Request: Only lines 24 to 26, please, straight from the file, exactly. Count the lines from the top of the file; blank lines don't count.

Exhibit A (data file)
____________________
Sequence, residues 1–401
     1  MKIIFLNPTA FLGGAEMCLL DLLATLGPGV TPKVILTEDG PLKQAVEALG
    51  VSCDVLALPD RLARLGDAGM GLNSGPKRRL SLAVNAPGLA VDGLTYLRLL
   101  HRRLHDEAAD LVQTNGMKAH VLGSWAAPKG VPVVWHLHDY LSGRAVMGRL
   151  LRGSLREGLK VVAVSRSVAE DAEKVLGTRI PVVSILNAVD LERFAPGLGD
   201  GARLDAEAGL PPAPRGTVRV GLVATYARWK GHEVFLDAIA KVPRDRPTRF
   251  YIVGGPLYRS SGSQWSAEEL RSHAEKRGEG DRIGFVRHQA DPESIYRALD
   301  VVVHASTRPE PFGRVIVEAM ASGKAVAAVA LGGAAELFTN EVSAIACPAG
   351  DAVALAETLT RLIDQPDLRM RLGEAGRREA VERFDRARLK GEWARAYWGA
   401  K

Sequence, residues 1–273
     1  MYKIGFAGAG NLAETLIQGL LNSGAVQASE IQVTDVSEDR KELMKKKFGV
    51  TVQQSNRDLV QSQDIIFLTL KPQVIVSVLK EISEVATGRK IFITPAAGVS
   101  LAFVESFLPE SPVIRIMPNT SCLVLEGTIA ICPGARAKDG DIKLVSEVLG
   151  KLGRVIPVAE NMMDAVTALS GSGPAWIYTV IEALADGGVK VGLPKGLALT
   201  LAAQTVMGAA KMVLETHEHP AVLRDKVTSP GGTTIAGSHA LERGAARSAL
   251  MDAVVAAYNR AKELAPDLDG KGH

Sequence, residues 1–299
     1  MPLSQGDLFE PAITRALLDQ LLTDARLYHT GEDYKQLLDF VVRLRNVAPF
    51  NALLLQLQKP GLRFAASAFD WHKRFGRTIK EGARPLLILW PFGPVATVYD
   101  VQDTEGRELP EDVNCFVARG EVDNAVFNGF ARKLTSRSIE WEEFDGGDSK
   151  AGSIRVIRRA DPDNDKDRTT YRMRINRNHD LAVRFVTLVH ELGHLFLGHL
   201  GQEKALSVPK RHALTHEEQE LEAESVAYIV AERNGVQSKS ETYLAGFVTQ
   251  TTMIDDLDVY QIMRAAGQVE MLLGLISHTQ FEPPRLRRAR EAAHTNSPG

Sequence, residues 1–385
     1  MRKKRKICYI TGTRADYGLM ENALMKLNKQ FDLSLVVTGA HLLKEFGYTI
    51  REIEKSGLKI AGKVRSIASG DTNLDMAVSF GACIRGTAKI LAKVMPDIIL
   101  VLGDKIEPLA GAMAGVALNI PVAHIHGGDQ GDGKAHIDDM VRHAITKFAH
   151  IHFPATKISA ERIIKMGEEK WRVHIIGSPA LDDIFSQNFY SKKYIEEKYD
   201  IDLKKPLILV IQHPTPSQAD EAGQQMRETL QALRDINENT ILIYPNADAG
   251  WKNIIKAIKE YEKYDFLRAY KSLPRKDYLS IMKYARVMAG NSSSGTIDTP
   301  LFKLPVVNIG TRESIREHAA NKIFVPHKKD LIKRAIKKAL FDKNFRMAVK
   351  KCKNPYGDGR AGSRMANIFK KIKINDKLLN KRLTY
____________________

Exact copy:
   251  TTMIDDLDVY QIMRAAGQVE MLLGLISHTQ FEPPRLRRAR EAAHTNSPG

Sequence, residues 1–385
     1  MRKKRKICYI TGTRADYGLM ENALMKLNKQ FDLSLVVTGA HLLKEFGYTI